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Horror vacui

With Savage Pictures Fill their Gaps’: On Cartographers’ Fears of Blank Spaces, By Chet van Duzer

Historians of cartography occasionally refer to cartographers’ horror vacui, that is, their fear or hesitancy to leave spaces blank on maps that might be filled with decorations. Some scholars have denied that this impulse was a factor in the design of maps, but the question has never been examined carefully. The maps exhibited here show that a fear of empty spaces on maps, or at least a fondness for filling every available space, was indeed an important factor in the design of maps, at least for some cartographers, from the sixteenth to the early eighteenth century. In the late seventeenth and eighteenth centuries maps began to be thought of as more purely scientific instruments, cartographic decoration declined generally, and cartographers managed to restrain their concern about spaces lacking decoration in the interest of presenting their work as modern and professional. Some cartographers adopted this new aesthetic before others, but as more and more cartographers did so, maps adopted their typically unadorned modern appearance.

Typus orarum maritimarum Guinae Langren, Arnold Florent van Amsterdam: 1596
The Dutch cartographer Jan Huyghen van Linschoten (1563-1611) uses a remarkable variety of decorative elements to fill the southern Atlantic on this map which he published in his Itinerario: inset views of the islands of St. Helena and Ascension, with elaborate borders; two cartouches with elaborate borders; compass roses; three ships; a sea monster; and very ornate lettering for place names. He did not deploy this same variety of techniques to avoid emptiness in his other maps; for example, in the world map in his Itinerario he only uses florid lettering and a few ships and sea monsters.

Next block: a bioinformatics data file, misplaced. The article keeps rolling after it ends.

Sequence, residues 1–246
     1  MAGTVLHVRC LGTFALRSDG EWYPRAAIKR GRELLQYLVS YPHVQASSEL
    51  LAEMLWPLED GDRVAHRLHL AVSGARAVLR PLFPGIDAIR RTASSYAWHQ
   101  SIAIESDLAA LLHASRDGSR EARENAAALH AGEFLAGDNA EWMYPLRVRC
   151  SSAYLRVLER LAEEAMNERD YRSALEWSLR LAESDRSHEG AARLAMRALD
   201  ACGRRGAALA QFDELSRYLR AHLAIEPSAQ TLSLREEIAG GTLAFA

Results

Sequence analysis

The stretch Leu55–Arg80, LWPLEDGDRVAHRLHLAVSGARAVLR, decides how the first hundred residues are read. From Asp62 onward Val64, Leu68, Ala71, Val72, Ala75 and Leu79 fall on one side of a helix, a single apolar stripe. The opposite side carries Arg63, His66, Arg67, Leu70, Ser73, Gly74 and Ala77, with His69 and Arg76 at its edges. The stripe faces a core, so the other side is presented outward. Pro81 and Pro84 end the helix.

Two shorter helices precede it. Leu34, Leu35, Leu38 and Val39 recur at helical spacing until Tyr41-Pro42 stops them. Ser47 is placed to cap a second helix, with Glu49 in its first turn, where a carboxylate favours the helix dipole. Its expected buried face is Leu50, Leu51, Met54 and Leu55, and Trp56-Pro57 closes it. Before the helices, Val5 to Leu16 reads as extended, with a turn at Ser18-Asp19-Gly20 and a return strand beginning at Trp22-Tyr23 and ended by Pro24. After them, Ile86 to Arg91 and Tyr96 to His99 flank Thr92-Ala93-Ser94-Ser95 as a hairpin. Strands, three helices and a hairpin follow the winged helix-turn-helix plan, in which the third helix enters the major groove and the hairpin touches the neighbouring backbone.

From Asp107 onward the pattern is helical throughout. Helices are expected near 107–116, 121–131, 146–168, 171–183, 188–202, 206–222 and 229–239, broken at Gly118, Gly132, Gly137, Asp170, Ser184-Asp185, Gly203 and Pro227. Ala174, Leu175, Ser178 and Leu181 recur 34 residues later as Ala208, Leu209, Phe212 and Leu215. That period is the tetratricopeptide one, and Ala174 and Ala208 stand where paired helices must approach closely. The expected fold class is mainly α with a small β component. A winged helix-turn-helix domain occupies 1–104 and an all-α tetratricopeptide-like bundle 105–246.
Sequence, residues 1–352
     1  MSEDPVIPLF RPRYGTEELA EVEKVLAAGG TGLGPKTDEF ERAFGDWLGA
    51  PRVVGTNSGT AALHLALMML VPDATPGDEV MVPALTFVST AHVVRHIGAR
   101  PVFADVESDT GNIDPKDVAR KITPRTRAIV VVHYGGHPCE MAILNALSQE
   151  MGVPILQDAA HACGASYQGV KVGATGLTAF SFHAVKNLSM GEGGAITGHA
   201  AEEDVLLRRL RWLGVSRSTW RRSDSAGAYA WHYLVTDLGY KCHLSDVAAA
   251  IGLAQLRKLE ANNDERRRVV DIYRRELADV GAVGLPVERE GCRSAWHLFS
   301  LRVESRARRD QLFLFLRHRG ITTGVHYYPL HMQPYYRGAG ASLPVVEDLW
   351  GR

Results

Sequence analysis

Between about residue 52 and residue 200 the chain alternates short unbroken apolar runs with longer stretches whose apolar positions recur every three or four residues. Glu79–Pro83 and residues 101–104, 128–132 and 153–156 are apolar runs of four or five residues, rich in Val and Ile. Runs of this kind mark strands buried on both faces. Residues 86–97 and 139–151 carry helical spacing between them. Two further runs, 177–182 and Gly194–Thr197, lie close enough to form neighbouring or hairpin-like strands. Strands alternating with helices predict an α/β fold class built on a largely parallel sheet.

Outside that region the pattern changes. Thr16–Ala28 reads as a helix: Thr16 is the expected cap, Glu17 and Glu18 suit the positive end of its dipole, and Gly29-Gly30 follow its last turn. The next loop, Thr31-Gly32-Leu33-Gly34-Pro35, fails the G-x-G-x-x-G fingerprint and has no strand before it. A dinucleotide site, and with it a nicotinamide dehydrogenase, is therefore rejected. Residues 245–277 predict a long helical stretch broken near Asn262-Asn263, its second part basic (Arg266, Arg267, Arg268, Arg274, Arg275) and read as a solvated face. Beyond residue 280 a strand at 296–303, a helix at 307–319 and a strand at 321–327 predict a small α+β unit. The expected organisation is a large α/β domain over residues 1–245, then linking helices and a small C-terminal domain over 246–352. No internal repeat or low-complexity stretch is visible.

A NEW, Plaine, and Exact Map of AMERICA, Walton, Robert, 1618-1688. London: [1660]
Both a printer of maps and a seller of imported maps, the Englishman Robert Walton (1618-1688), like Linschoten, uses a variety of decorations to fill the oceans on this map of the Americas: an inset map of the northern polar regions; a cartouche; descriptive texts; images of native peoples; ships; sea monsters; and large lettering for the names of the oceans. It is tempting to think that the map’s busy appearance attracted and held the eyes of his customers, and thus helped increase sales.
Henri Abraham Chatelain, Carte Tres Curieuse de la Mer du Sud, Amsterdam: 1719
The great profusion of inset maps and scenes along the northern and southern edges of Henri Chatelain’s 1719 “Very Curious Map of the Pacific” show the cartographer’s desire to strong desire to avoid empty space, and more specifically to conceal his ignorance of what lay in the extreme northern and southern reaches of the world. The south is essentially tiled over with inset maps that include ethnographic scenes; in the north note that he conceals his ignorance of northwestern North America with a series of portraits of explorers. He fills the oceans with descriptive texts and the traces of the courses sailed by the explorers Magellan, Le Maire, Schouten, L’Hermite, and Olivier van Noort.
Maris Pacifici, (quod vulgó Mar del Zur) In hand-colored Ortelius, 1595 Ortelius, Maris Pacifici, (quod vulgó Mar del Zur), 1589
On this map of the Pacific, first printed in 1589, Abraham Ortelius (1527-1598), the creator of the first modern atlas, uses a different strategy than Gutiérrez to fill the vast reaches of the ocean. Instead of using a flotilla of ships or a bevy of sea monsters, he stretches out the name of the ocean in large, widely-spaced letters in five lines that reach from 23° north to 50° south: “The Pacific Ocean, which is commonly called the Southern Ocean.”